I decided to share the recipe for seviyan (sweet saffron vermicelli) here. The reason being that it is a treat that is prepared on festive, celebratory occasions and is a delicious, easy dessert. Prepare a simple syrup by dissolving 2 cups of sugar in a pot of water over medium-high heat. Separately, prepare 1 lb. vermicelli by breaking it into small, equal length pieces (about 1 inch). In a preheated frying pan, add 2 tbsp. ghee (clarified butter) add to this the vermicelli, 3 whole cloves, 5-6 cardamom pods and some raisins and cook till a deep brown color. Transfer this to the syrup pot along with a generous portion of chopped peeled almonds and pistachios (about a cup). Also, add to this a mixture saffron (a pinch) soaked in warm milk for about 2-3 minutes. Stir the ingredients well and cook till the vermicelli softens and all the water dries up. Serve warm with a generous dollop of cream.

Happy 2011!

Friday, December 31, 2010

Karachi Food Diaries Day 21 - 24 (Potato-cauliflower medley, aloo gobi)

December 27, 2010 Monday- Day 21
I have accepted my defeat in the battle against the curry and the meat. There is no getting away from it. It is the way things roll here. I can prepare my own meals but that is not an option in this land of  domestic help. So, I submit and savor. Time enough to revisit the ideal in the new year. Four days left till the end of the year,  social life is whirling and swirling. Parties and dinners all round. Lunch at home is usually a curry, a dry vegetable dish, sometimes kababs, rice and bread with lots of raw vegetables and pickles on the side. Dinner is either out or, if home, then the same. Trying to keep it as simple as possible.

December 28 Tuesday- Day 22
Dinner was at Cafe Flo. It is the most popular French restaurant in the city. I have always enjoyed the food here. The meal started off well with complimentary vol-au-vent for the table. Yummy. Wish I could say the same for the rest of the meal. We ordered carpaccio, crab salad special and escargot as appetizers. The carpaccio was closer to the classic recipe than Okra's but still lacking for me. It was too thin, plastered flat to the plate while the parmesan was too thickly cut. The arugula or rocket as it is called here, was mixed with mushrooms and dressed a little heavily. The lemon wedge was much needed. Also, the plate was cold as if it had been preprepared and refrigerated. Escargot was delicious in their buttery, salty, and garlicky perfection; enjoyed sopping up the excess juice with my bread. The crab salad was not right; watery, not enough meat and actually tasting a little off. For the main entree, I ordered red snapper with shrimp and calamari. The seafood was fresh but overdressed again with too many ingredients. The saving grace in the meal my friend's entree, baked red snapper marinated in soya sauce, ginger and wasabi; delicate and delectable. Live and learn another day!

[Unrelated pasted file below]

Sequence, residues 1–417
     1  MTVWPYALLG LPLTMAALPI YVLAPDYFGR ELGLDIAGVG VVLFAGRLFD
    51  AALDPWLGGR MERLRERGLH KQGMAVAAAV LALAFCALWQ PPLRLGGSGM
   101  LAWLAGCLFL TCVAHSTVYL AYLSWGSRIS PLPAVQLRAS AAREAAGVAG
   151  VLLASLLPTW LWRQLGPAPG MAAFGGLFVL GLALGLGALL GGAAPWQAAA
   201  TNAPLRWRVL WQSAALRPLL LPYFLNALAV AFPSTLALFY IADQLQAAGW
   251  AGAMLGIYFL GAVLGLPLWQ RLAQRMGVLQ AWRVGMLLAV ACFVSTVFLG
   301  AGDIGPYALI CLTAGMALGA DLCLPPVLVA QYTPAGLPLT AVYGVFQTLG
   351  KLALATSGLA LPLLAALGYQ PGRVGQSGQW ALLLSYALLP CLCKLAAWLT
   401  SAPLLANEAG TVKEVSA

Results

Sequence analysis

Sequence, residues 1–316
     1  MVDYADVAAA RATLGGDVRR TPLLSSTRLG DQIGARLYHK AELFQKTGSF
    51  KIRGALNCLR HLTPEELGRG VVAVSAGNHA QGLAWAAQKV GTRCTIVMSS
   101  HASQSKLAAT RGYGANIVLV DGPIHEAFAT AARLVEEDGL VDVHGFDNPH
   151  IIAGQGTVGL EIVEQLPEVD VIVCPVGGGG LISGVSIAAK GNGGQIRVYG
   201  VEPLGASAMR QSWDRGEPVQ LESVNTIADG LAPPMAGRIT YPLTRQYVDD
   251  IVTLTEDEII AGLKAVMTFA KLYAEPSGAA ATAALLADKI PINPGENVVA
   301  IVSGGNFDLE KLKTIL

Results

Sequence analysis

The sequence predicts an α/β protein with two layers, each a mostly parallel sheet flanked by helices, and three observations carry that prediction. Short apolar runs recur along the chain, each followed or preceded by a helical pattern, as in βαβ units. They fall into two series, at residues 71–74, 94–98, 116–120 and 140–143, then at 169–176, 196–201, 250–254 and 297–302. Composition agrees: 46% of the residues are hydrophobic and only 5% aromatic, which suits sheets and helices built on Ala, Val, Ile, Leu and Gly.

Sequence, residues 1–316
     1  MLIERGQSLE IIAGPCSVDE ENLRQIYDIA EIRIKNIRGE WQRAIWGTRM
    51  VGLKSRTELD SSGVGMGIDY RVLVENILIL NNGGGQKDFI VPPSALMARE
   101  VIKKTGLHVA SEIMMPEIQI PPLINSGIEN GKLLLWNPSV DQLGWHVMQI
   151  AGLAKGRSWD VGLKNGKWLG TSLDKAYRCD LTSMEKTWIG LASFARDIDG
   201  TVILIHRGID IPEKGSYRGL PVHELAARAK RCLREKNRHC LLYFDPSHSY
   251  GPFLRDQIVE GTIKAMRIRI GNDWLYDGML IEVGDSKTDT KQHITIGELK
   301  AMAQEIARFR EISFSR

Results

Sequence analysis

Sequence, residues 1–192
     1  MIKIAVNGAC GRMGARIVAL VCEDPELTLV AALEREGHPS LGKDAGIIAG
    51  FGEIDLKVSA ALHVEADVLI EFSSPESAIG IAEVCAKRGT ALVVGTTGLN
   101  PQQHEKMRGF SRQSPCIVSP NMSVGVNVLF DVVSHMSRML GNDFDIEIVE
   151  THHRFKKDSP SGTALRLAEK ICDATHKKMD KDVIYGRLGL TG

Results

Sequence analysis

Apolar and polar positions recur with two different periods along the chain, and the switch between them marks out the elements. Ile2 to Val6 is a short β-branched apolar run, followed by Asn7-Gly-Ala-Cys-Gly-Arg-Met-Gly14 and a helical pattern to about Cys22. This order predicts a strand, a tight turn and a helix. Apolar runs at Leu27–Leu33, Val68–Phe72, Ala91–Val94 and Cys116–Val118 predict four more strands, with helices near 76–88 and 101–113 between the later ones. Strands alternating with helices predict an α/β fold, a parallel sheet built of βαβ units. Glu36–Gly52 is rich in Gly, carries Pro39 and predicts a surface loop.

December 29 Wednesday- Day 23
The night was double-booked; two dinners and lots of drinks. Food was served again at the tail-end of the night at which point my taste buds were comfortably numb and not too discerning.
December 30 Thursday- Day 24
Had lunch at my aunt's place. It was a feast. On the menu was achari bhindi (okra cooked in pickling spices), saag gosht (spinach with meat), daal, khata murghi salan (hot and sour chicken curry), sauteed zucchini, alu gobi and shrimp biryani, beans and hot roti. Delicious. Tomorrow is New Year's Eve. I will be back with a final recap as soon as I can emerge from my indulgent haze. Wishing all an early safe and happy new year!
Alu Gobi
This is a colorful, nutritious vegetable delight. It a combination of potato and cauliflower with either peas or carrots. This recipe is with carrots. Add 1/2 cup oil to a preheated pan and then1 tsp. cumin, 1 tsp. black mustard seeds and 1/2 tsp. minced garlic. When they start to sizzle, add 1 cup cauliflower (florets separated and cut up), 1 cup carrots (diced) and 1 medium potato (cubed). Season well with salt and black, saute uncovered for a little while, add a little water and cover to cook in the steam. When vegetables are cooked half way, approx. 15-20 mins, I add 1/2 a cup of balsamic vinegar. This is unusual preparation but does add a delicious piquant flavor to the dish. At this point, add more water if necessary and cover to cook till vegetables are soft. Garnish with a handful of chopped cilantro. Enjoy with daal and rice or roti.

Monday, December 27, 2010

Karachi Food Diary Day 18-20 (Minced meat patties, shami kabab)

Bangles in every hue
December 24, 2010 Friday- Day 18